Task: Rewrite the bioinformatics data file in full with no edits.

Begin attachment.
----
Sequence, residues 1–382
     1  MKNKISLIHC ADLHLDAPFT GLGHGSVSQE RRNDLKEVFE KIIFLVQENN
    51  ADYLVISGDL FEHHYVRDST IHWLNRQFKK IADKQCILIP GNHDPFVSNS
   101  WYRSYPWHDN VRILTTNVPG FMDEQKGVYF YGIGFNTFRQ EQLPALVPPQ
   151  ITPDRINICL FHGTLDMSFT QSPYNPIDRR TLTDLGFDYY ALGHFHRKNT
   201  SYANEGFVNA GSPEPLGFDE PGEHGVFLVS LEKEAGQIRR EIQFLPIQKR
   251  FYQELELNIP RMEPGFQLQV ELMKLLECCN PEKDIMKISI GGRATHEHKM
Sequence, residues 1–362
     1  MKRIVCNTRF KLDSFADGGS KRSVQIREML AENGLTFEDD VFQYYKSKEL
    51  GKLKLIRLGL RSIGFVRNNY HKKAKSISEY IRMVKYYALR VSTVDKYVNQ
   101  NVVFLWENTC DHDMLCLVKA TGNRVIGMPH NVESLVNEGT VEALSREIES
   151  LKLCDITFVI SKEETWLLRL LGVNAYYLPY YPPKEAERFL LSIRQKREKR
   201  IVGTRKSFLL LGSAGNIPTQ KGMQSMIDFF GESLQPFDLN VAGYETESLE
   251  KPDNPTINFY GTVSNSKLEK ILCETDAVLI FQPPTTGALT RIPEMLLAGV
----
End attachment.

Sequence, residues 1–382
     1  MKNKISLIHC ADLHLDAPFT GLGHGSVSQE RRNDLKEVFE KIIFLVQENN
    51  ADYLVISGDL FEHHYVRDST IHWLNRQFKK IADKQCILIP GNHDPFVSNS
   101  WYRSYPWHDN VRILTTNVPG FMDEQKGVYF YGIGFNTFRQ EQLPALVPPQ
   151  ITPDRINICL FHGTLDMSFT QSPYNPIDRR TLTDLGFDYY ALGHFHRKNT
   201  SYANEGFVNA GSPEPLGFDE PGEHGVFLVS LEKEAGQIRR EIQFLPIQKR
   251  FYQELELNIP RMEPGFQLQV ELMKLLECCN PEKDIMKISI GGRATHEHKM
Sequence, residues 1–362
     1  MKRIVCNTRF KLDSFADGGS KRSVQIREML AENGLTFEDD VFQYYKSKEL
    51  GKLKLIRLGL RSIGFVRNNY HKKAKSISEY IRMVKYYALR VSTVDKYVNQ
   101  NVVFLWENTC DHDMLCLVKA TGNRVIGMPH NVESLVNEGT VEALSREIES
   151  LKLCDITFVI SKEETWLLRL LGVNAYYLPY YPPKEAERFL LSIRQKREKR
   201  IVGTRKSFLL LGSAGNIPTQ KGMQSMIDFF GESLQPFDLN VAGYETESLE
   251  KPDNPTINFY GTVSNSKLEK ILCETDAVLI FQPPTTGALT RIPEMLLAGV